Learning to Live in an Upended World: Birds Set Free

Learning to Live in an Upended World: Birds Set Free

By Natalie Taylor

 

One of the effects of the lockdown is that many of the things we used to take for granted have suddenly come into focus. As waters when receding allow us to see what is beneath, we are discovering islands of joy unnoticed before.

 

Perhaps you’ve been experiencing a newfound delight in the myriad chirps, gurgles, and twitters just outside your window. You may wonder if there really are more birds or if it’s your perception that has changed. Whatever the answer, welcome to what so many are discovering—the pleasures of watching birds doing what birds do.

 

Before the pandemic, a major social activity for many sanmiguelenses was to gather in the Jardin and watch people go by. But we can no longer sit on the park benches these days and the crowds have dissipated. Yet, as we sequester ourselves inside our homes, the birds are as free as ever. They gather in parks and treed areas to continue with their business as usual—perhaps better than usual because they have these spaces to themselves now. 

 

You don’t need to “bird watch” in the sense of identifying species and recording their whereabouts; it’s fun observing them just as you used to people watch. Study a group of ducks, geese, grackles, pigeons, or egrets—all abundant in our city—and see how much they resemble human crowds. They greet each other with friendly gestures and touches, look askance at outsiders, squabble, conduct surreptitious business, gossip, examine adversaries, and consider potential mates.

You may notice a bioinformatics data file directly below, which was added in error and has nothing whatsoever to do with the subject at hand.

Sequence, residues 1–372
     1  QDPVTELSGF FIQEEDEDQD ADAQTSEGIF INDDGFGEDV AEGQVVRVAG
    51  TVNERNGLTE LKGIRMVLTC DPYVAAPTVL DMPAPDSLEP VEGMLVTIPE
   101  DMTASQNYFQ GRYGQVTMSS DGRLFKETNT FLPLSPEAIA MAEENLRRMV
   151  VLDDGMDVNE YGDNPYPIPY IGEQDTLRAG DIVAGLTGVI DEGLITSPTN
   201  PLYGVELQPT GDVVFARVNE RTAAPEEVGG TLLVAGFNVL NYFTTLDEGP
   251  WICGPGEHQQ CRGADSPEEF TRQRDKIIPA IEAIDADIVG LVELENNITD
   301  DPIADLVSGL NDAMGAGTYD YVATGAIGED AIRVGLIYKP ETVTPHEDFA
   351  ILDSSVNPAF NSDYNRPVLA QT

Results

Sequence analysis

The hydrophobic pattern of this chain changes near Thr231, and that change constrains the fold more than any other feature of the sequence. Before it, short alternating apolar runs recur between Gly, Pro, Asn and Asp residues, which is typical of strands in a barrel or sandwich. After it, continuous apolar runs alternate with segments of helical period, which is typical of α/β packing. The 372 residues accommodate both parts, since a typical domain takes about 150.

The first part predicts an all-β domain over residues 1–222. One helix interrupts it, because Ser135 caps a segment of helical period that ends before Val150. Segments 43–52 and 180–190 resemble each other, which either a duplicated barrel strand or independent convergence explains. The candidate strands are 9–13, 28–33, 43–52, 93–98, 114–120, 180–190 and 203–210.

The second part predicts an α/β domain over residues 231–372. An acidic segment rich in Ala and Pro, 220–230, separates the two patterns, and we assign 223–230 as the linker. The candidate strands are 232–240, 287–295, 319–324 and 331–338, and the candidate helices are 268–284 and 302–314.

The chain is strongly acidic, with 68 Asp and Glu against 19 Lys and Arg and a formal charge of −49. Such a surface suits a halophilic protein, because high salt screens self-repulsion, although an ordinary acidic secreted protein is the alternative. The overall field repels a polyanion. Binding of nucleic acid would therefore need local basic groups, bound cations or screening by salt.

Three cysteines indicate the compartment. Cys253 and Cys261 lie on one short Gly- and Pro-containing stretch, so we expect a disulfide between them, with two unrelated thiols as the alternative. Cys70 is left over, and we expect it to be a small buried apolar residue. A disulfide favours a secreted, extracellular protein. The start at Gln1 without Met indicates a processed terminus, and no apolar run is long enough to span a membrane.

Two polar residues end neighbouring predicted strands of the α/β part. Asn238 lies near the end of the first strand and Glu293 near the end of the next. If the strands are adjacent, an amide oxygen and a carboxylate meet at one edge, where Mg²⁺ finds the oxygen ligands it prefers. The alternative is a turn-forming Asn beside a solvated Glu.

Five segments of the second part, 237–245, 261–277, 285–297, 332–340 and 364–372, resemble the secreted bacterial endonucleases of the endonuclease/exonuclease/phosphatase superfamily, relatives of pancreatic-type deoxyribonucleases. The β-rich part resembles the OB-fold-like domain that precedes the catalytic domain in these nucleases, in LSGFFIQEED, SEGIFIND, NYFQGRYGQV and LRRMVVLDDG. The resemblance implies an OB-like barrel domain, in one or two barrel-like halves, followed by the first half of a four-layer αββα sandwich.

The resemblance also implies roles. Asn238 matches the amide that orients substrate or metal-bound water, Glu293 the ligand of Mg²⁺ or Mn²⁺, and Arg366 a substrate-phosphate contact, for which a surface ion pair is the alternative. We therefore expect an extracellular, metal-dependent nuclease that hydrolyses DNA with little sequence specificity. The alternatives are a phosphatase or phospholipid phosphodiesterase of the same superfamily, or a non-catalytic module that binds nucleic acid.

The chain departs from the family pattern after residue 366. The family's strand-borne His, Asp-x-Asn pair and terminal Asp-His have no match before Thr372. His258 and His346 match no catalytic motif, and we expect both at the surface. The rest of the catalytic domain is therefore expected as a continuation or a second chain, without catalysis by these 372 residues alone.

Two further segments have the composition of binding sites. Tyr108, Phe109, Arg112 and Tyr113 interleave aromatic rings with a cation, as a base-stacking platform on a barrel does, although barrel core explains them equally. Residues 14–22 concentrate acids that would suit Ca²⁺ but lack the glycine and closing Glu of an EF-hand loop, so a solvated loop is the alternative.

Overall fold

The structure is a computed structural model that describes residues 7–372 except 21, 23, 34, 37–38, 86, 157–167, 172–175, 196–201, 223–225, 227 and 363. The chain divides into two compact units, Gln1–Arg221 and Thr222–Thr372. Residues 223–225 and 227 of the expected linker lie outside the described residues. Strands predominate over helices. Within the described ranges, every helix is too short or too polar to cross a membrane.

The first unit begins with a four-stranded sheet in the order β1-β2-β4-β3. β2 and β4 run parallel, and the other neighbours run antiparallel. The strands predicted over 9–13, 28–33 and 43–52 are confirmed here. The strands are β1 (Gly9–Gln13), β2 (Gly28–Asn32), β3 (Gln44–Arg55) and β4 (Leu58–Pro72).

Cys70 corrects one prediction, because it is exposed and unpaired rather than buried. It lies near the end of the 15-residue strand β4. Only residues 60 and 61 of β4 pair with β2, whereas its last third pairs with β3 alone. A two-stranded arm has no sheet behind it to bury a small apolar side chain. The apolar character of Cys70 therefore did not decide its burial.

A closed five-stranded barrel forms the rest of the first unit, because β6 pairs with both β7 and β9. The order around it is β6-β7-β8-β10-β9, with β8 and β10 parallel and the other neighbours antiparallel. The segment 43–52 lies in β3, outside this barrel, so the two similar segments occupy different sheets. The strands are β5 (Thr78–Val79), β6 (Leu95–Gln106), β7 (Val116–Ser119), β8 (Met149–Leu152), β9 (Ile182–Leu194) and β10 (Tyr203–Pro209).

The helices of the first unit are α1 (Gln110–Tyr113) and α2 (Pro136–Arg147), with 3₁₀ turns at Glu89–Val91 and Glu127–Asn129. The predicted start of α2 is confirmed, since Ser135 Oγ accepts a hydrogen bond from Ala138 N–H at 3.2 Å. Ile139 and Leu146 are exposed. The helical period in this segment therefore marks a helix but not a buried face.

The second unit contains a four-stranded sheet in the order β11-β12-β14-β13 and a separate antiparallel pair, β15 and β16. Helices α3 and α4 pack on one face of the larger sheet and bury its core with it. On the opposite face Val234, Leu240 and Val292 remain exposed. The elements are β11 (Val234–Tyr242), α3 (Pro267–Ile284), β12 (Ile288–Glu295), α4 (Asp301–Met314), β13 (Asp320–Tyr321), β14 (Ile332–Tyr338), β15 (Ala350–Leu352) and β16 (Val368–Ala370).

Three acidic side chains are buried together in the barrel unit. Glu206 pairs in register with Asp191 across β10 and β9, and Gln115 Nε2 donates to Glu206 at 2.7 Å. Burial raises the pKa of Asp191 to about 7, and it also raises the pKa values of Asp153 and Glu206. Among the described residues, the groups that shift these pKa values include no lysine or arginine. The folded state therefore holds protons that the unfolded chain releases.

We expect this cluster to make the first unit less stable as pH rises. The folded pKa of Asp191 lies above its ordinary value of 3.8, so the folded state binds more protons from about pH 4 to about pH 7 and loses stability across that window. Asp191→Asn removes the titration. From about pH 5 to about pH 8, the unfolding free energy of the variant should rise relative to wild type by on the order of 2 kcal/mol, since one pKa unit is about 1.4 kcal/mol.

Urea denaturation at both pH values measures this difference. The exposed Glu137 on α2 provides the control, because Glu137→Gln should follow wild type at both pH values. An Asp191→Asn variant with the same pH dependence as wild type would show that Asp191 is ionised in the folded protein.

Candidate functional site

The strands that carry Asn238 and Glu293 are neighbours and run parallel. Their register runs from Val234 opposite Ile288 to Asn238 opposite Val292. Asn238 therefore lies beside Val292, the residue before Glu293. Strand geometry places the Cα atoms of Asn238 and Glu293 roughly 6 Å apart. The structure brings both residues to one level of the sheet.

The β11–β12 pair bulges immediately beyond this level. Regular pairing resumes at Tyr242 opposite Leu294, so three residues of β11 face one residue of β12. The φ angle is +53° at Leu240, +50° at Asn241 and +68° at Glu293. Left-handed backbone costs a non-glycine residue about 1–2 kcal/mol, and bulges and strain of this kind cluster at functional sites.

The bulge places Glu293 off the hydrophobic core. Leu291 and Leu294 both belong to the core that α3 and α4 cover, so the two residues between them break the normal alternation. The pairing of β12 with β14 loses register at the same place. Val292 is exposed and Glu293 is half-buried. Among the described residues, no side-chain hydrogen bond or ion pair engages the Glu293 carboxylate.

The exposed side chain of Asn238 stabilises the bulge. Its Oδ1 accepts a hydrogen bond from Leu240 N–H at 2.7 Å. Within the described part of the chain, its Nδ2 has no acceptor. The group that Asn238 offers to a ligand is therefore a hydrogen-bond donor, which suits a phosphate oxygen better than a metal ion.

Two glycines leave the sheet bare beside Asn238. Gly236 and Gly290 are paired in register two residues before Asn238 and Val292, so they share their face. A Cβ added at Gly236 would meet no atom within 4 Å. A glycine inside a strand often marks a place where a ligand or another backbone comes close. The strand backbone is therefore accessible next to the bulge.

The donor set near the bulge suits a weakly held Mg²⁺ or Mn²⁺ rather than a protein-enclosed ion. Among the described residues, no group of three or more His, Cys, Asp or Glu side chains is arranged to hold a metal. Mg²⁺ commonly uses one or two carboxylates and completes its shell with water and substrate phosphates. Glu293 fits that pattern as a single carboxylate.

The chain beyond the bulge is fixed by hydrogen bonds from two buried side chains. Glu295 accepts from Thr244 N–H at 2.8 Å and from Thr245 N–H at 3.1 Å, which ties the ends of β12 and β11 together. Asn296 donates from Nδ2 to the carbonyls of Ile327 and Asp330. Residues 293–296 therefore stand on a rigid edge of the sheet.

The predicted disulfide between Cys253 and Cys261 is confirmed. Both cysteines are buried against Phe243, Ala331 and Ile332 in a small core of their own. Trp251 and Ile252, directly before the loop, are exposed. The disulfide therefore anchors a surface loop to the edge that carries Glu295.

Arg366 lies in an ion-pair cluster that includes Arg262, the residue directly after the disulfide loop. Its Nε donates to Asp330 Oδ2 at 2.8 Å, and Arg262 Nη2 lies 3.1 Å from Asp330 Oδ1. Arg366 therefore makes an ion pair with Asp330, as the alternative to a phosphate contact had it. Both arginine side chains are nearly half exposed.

Do you prefer one-on-one interaction instead of large gatherings? Then how about sitting in your courtyard or some wooded area and watching who flits by. If there are flowers, particularly those blooming on vines and you sit perfectly still, you will most likely see a hummingbird or two. Or a couple of sparrows chirping away as they construct a nest. If you have cacti in your garden, you may see a cactus wren precariously perched on the thorns. You may even spot a brilliantly colored vermillion flycatcher or a red-headed house finch.

 

Spring, in particular, is a time for noticing birds. Their courtship dances and songs are conspicuous and the males display their gaudiest plumage. In San Miguel we have many great spots for birds—the wooded areas along the Charco del Ingenio, the many kilometers of shoreline along the presas. Parque Juarez and the new Parque Zeferino. In the Los Frailes neighborhood a noisy “village of egrets” roosts on the tops of eucalyptus trees. 

 

Watching other species go about life with no inkling of the worrisome virus we are living with can have a healing effect. It’s an antidote to the melancholy of social distancing and a reminder that things will eventually return to normal for us, too. And as you look at a bird take wing and soar toward the blue, you can vicariously enjoy its complete and carefree freedom. 

 

Here’s ornithologist Viviana Ruiz Gutierrez’s birdwatching primer: shortwave@npr.org.

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